The wildfires forced ODOT to cancel paving jobs, delay ditch cleaning, and shoulder rehabilitation, and shelve other maintenance activities. Meanwhile, ODOT loaned water trucks and drivers to the Oregon Department of Forestry and aided other firefighting agencies.

“This past summer was as busy as I’ve ever seen it,” said Griffin. “We’re not firefighting, but we’re providing water and supporting them with our equipment. Our Grants Pass maintenance crew has spent a good amount of the past two months assisting firefighting operations.”

Griffin emphasized the importance of weekly, monthly and yearly work plans for the maintenance teams, especially as ODOT becomes more and more reactive during summertime, whether the cause is wildfires or traffic crashes.

Winter preparations

According to The Old Farmer’s Almanac, winter solstice arrives December 21, though Griffin’s preparations for winter operations are already underway. ODOT maintenance crews are already gearing up for the challenges they will face when the first winter storm arrives in the Rogue Valley.

The agency’s goal of maintaining safe, open highways remains the same regardless of the season. And, with every technological and operational improvement, so grows the public’s expectation for faster and more efficient incident response.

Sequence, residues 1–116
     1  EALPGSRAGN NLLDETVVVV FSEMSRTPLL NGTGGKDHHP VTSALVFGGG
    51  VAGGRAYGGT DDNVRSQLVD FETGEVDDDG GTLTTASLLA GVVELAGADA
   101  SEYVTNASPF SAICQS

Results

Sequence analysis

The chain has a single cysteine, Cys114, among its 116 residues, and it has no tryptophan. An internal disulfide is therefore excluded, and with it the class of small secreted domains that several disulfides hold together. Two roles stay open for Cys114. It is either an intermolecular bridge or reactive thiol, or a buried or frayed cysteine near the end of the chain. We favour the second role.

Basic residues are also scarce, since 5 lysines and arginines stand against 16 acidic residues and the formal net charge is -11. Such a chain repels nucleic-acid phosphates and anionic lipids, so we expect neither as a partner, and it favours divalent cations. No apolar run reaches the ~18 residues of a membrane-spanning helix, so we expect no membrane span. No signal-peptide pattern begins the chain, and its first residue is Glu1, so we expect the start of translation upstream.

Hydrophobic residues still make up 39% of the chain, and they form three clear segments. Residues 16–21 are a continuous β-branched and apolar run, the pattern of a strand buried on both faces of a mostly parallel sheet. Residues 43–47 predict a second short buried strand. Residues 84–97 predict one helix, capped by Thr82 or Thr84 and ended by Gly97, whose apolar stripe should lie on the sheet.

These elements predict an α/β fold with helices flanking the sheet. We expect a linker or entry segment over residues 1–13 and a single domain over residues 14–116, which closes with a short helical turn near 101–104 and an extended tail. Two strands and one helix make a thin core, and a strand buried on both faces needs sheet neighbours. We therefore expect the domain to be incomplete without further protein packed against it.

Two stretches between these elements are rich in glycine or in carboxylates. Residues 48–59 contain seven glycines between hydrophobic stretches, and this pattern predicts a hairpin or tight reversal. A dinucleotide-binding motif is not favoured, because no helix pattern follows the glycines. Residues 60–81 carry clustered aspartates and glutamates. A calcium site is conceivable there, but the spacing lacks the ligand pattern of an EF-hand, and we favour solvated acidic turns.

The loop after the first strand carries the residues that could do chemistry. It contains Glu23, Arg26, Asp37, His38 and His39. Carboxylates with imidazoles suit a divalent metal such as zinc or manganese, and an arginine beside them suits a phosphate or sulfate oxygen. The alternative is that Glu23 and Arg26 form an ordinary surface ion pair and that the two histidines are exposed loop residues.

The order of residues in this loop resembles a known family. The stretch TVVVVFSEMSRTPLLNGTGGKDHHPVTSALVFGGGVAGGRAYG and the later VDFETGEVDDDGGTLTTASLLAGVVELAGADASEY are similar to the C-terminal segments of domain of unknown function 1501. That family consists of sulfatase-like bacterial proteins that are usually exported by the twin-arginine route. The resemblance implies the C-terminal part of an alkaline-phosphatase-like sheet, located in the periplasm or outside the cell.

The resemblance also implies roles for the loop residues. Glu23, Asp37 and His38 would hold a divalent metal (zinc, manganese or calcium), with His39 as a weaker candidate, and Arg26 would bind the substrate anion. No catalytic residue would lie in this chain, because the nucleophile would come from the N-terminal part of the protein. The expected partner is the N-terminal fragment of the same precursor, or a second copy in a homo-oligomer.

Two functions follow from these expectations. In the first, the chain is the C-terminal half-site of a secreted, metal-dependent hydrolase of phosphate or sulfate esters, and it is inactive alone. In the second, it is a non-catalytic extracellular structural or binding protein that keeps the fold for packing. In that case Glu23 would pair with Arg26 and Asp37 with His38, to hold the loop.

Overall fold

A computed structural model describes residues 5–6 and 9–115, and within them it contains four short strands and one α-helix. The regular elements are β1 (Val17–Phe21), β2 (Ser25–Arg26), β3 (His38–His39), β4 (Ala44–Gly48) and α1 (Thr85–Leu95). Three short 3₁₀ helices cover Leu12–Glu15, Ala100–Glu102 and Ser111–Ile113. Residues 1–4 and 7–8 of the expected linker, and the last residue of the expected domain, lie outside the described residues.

“We’re aware of a higher level of public expectation driven by smartphones, social media, and TripCheck,” said Griffin. “We’ve also developed a better understanding of a 20-minute lane closure and what it does, not only to our regular maintenance operations, but also how it amplifies the risk of a secondary crash, which places emergency responders in greater danger.”

Creative solutions

While Siskiyou Pass (4,310’) features the highest elevation along the I-5 corridor, the bigger challenge for winter maintenance operations is the 15-mile stretch that includes Sexton Pass (1,960’), Smith Hill Pass (1,730’) and Stage Pass (1,830’).

“Our resources are stretched over 15 miles versus 11 miles on Siskiyou Pass,” said Griffin. “That means plow cycle times are longer. And it means travelers often encounter different weather conditions on each pass.”

ODOT continues to modify one-ton trucks with plows to manage snow on secondary highways in the Rogue Valley, which allows maintenance crews to take larger equipment onto the I-5 mountain passes north of Grants Pass.

“We’re being more creative,” said ODOT District Manager Jerry Marmon. “We’re managing our equipment better and continuing to lean on our pusher trucks as our work horses on the mountain passes.”

Pusher trucks are short, stalky tractors. They are equipped with a rubber pusher bar, extending beyond the front bumper, and a counterweight mounted atop the back axle, which enhances traction on icy sections and stability on steeper grades. The pusher truck can prod stalled commercial rigs weighing up to 80,000 pounds until they regain traction on their own.

“Most of the time, we’re just giving a rig a nudge to help them get moving so they aren’t blocking traffic,” said Griffin. “Pusher trucks save money and time, often turning a two-hour towing situation into a two-minute pusher truck solution.”